One of the most “fashionable” things to do today is to go on dietary “cleanses” that promise to help you shed 20 pounds in just two weeks. Apart from the fact that these are dangerous, because they deprive your body of crucial nutrients and calories, they also lead to a slowing metabolism and long-term weight gain. Despite these facts, many people still continue to go on these cleanses. If these cleanses also lead to obsessive behavior, would people still be so eager to try them?
In a study published by the Yale School of Medicine, researchers discovered that in the absence of food, the neurons normally in charge of regulating your appetite initiate repetitive behaviors that are commonly associated with disorders such as obsessive-compulsive disorder (OCD) and anorexia nervosa.
Utilizing the fact that neurons are responsible for goal-oriented behavior, the Yale team investigated a specific population of neurons within the hypothalamus, discovering that these neurons that normally regulate food intake are also involved in other behaviors.
When experimenting with mice, the team discovered that in the absence of food, the mice performed repetitive activities such as burying marbles and grooming. It should be noted that these activities, however, are unrelated to anxiety, and are instead goal-oriented. Therefore, although many people tend to view obsessive behaviors (for example, compulsively organizing your desk every day) as solely the product of anxiety and stress, this breakthrough shows that compulsive behavior can arise from sources other than anxiety and/or stress, such as the absence of food.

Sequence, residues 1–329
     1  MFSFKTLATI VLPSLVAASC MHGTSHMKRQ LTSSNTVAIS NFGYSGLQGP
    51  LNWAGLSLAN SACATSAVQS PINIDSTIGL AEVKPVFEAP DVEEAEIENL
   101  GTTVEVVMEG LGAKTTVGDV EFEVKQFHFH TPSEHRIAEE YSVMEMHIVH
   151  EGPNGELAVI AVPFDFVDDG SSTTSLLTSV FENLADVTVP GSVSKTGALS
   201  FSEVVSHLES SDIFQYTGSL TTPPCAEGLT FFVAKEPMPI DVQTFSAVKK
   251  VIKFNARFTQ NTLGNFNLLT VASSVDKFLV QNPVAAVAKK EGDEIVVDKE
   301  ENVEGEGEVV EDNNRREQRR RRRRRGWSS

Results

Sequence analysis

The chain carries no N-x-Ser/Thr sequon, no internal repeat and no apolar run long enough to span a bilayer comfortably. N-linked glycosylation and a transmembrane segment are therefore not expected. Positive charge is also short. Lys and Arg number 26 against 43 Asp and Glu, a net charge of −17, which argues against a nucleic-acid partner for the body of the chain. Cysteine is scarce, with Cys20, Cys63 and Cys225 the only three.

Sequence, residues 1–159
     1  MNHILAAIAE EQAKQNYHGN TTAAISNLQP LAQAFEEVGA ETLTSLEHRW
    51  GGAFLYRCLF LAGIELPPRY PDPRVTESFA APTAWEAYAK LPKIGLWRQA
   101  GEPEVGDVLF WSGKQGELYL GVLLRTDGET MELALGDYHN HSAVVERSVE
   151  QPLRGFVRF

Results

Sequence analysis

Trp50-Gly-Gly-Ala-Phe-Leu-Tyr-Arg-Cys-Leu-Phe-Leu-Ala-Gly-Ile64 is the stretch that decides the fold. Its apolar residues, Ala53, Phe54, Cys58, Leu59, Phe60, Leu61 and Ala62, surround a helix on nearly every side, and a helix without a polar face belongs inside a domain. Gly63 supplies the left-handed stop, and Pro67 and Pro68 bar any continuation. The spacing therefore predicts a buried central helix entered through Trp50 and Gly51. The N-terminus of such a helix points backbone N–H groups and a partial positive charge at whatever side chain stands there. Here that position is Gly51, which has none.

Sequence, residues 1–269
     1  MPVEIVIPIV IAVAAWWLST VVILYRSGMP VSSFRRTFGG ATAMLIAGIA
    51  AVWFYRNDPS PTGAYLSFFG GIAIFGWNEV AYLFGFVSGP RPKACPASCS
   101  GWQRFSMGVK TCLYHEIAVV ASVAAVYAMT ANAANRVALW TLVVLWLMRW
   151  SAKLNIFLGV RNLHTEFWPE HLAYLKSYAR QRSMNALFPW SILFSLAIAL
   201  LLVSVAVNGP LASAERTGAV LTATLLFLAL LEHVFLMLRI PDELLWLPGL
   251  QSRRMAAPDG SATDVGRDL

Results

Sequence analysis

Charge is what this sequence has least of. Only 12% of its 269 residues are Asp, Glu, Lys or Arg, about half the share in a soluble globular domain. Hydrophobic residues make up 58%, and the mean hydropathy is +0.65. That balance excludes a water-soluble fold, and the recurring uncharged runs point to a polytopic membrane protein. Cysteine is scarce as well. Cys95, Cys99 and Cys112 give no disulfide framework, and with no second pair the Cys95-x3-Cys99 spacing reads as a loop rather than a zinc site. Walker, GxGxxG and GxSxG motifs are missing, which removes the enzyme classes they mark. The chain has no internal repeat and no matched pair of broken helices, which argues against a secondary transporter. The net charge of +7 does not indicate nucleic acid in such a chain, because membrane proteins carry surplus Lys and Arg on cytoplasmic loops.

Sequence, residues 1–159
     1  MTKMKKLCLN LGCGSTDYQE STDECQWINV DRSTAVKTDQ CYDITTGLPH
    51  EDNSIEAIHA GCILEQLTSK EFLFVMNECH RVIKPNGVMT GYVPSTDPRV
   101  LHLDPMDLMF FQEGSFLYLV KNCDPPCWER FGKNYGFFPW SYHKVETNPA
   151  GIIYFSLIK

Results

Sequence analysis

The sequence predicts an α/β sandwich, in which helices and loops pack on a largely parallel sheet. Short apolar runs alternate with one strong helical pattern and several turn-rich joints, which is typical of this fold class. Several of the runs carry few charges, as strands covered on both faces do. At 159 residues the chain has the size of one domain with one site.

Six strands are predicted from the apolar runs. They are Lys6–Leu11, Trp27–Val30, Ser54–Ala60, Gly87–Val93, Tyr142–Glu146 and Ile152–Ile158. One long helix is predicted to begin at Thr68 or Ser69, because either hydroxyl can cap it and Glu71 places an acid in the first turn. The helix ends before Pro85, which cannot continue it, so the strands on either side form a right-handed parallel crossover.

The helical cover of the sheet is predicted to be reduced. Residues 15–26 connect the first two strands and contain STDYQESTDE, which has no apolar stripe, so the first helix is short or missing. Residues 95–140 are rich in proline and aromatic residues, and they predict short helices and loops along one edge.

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“These observations unmask the relevance of primitive brain regions previously linked to eating to other complex behaviors,” said lead author Marcelo Dietrich, M.D., assistant professor of comparative medicine and neurobiology and member of the Yale Program in Integrative Cell Signaling and Neurobiology of Metabolism at Yale School of Medicine. “These findings are relevant to understanding diseases with both homeostatic and compulsive components, and highlight the multitasking nature of neurons in the brain.”
According to Dietrich, this discovery insinuates that the primitive part of the brain, which includes the hypothalamus, that governs involuntary activities such as breathing and heart rate could be the key to understanding neuropsychiatric diseases that have compulsive behavioral components such as anorexia nervosa.
So the next time you look at a “miracle diet” that requires you to go on a cleanse, think twice!
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